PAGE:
How To Create Social Media Benchmarks For Your Nonprofit
When it comes to social media, it’s not always easy to determine how your organization stacks up against others in the same industry, or those with the same size following. Defining and setting social media benchmarks is an important step to monitoring your success, and figuring out where to focus your (very valuable) time, money and resources.
So where do I start?
The first step in setting up social media benchmarks is to seek out industry standards. Annual reports, such as M+R’s 2014 Benchmarks Report or Salesforce Marketing Cloud’s Social Engagement Benchmark Report for Twitter, give valuable insight into what other organizations are seeing in terms of growth and engagement on Facebook and Twitter. AgoraPulse’s Facebook Page Barometer is another great tool to utilize; simply connect your organization’s Facebook page to see how it compares to others of the same size.
If your organization is looking to spend a little bit of money to see how specific competitors stack up, Quintly is a useful tool that pulls engagement data from any specific Facebook, Twitter, Google+, LinkedIn, Youtube and Instagram profile of your choosing, and compare it others.
So now I know how my organization compares. But how do I determine what my social media benchmarks should look like?
If your organization’s engagement and growth numbers are currently lower than industry standards, use the industry standards as your end goal. Set a reasonable timeline (6 months is a good start), and divide the difference between your current numbers and industry numbers by the number of months you have to reach your goals. Wah la! Now you have a benchmark to shoot for each month.
Setting monthly benchmarks allows you to have enough time (30 days) to test out new content, post frequency and any other factors that may influence growth and engagement. You can then figure out what’s working, implement it and reach your monthly goal.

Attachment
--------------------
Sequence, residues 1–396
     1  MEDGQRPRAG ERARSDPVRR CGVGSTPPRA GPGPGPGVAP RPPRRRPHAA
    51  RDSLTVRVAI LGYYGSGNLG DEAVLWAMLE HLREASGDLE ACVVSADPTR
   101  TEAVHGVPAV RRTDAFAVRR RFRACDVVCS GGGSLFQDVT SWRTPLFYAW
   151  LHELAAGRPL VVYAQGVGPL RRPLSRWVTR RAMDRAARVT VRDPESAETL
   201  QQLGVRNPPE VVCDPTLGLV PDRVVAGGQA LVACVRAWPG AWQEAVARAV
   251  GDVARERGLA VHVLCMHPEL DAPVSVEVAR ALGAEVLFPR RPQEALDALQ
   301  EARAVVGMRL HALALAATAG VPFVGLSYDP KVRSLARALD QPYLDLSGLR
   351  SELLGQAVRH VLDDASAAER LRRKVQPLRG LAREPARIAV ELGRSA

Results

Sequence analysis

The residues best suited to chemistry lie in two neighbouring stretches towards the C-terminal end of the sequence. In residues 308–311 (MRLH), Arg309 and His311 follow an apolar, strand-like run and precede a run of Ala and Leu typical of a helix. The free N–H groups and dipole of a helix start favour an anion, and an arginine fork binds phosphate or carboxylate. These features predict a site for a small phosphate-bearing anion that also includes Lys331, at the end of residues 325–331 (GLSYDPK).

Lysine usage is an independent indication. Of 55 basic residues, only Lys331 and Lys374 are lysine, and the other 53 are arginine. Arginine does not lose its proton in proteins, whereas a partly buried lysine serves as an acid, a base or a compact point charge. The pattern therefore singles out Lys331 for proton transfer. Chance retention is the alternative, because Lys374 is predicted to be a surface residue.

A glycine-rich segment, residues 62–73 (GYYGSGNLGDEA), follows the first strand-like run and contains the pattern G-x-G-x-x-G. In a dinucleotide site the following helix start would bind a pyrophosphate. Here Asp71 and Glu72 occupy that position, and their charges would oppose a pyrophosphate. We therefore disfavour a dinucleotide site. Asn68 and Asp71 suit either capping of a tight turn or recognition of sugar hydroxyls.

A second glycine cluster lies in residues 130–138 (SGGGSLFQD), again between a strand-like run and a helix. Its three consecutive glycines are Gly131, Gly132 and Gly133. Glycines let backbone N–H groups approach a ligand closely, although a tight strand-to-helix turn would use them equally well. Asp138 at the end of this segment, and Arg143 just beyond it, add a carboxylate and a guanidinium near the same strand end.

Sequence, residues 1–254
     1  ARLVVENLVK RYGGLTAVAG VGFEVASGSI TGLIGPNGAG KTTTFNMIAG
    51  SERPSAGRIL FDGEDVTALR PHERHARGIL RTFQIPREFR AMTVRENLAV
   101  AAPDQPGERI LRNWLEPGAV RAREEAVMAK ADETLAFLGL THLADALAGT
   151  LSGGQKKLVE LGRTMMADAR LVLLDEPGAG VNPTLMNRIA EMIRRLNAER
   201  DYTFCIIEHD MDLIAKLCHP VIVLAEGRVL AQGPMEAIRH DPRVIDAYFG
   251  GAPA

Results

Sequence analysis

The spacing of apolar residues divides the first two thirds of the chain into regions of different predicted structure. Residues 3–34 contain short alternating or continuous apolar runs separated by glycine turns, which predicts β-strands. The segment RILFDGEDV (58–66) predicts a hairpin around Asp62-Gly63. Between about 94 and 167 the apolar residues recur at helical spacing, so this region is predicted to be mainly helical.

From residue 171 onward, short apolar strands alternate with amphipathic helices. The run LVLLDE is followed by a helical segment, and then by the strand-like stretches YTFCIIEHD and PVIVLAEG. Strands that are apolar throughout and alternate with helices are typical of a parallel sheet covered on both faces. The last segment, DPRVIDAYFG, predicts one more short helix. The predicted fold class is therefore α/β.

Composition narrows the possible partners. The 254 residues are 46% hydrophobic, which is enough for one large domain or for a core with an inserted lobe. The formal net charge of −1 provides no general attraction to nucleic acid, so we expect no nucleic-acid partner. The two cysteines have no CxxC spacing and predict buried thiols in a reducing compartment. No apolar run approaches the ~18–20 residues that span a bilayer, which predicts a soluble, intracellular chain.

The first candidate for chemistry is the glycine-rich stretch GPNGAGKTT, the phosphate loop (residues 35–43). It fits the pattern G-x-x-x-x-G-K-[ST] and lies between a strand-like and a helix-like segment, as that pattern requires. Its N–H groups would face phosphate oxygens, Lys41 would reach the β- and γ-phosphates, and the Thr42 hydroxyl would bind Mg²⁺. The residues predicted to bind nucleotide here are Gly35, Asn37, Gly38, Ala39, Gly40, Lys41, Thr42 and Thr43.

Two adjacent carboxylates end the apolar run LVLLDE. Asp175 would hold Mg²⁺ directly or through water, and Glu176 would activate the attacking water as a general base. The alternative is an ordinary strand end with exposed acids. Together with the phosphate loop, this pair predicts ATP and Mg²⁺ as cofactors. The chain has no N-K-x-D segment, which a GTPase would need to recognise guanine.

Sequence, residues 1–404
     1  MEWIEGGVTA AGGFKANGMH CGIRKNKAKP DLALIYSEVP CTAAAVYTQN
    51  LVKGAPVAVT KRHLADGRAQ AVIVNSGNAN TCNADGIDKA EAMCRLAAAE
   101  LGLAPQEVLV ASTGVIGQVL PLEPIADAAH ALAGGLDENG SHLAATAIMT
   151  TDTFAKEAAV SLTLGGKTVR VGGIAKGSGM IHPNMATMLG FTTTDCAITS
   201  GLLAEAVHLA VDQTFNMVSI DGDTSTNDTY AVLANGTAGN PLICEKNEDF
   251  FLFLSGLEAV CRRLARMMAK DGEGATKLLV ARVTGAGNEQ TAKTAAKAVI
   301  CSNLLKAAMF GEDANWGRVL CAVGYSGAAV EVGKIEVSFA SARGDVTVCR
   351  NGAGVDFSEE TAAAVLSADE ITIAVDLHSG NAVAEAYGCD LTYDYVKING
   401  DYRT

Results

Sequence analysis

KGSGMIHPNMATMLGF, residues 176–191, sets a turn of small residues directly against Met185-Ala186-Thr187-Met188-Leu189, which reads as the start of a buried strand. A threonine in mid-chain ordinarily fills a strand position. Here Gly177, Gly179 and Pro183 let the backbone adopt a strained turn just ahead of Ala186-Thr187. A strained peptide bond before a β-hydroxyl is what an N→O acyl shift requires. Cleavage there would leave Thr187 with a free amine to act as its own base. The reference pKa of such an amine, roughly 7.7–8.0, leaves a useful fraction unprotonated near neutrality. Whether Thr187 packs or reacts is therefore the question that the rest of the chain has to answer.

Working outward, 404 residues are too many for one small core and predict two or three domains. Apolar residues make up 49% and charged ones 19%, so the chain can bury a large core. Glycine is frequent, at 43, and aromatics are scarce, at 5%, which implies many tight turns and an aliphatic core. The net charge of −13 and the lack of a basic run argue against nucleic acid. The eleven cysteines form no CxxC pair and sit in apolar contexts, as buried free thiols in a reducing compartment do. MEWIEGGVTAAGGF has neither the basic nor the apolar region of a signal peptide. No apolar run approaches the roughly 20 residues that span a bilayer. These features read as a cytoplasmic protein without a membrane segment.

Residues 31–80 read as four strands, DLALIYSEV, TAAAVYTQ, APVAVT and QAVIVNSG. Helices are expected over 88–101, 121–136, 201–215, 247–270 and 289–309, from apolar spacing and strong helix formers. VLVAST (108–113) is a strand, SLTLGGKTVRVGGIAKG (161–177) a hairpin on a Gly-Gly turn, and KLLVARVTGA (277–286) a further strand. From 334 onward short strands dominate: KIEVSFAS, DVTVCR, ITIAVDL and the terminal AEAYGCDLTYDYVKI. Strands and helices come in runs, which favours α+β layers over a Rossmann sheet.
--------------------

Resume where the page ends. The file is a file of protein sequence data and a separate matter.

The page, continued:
Remember: Make sure to factor in any paid advertising you plan on doing, and differentiate between organic vs. paid benchmark goals.
What if I can’t find any industry standards for the metrics I want to benchmark?
Chances are, something you want to benchmark each month doesn’t have an industry standard to compare it to, or you see a lot of conflicting averages for that specific metric. Instead of scrapping that metric as a benchmark, try to make an educated guess as to where that number could get to.
For example, are you hoping to increase website referral traffic from Facebook? Start by finding out how much you are currently getting, how you’re getting it, and how you could get more. Could you increase the number of posts that link back to your site? Could you create more compelling visuals that garner more attention, and therefore, more clicks? Once you notice tactics that work and have tracked the numbers each tactic has produced (ahem, UTM tagging), you’ll be able to make informed decisions on what your benchmarks should be, and be well on your way to setting up a strong social strategy.
Remember: Benchmarks aren’t set in stone. Monitoring them on a monthly basis will allow you to see growth trends over time, and give you hard data to make even better future predictions.
Questions? Comments? Let us know in the comments below, or reach out to us on Twitter @MediaCause or by email at firstname.lastname@example.org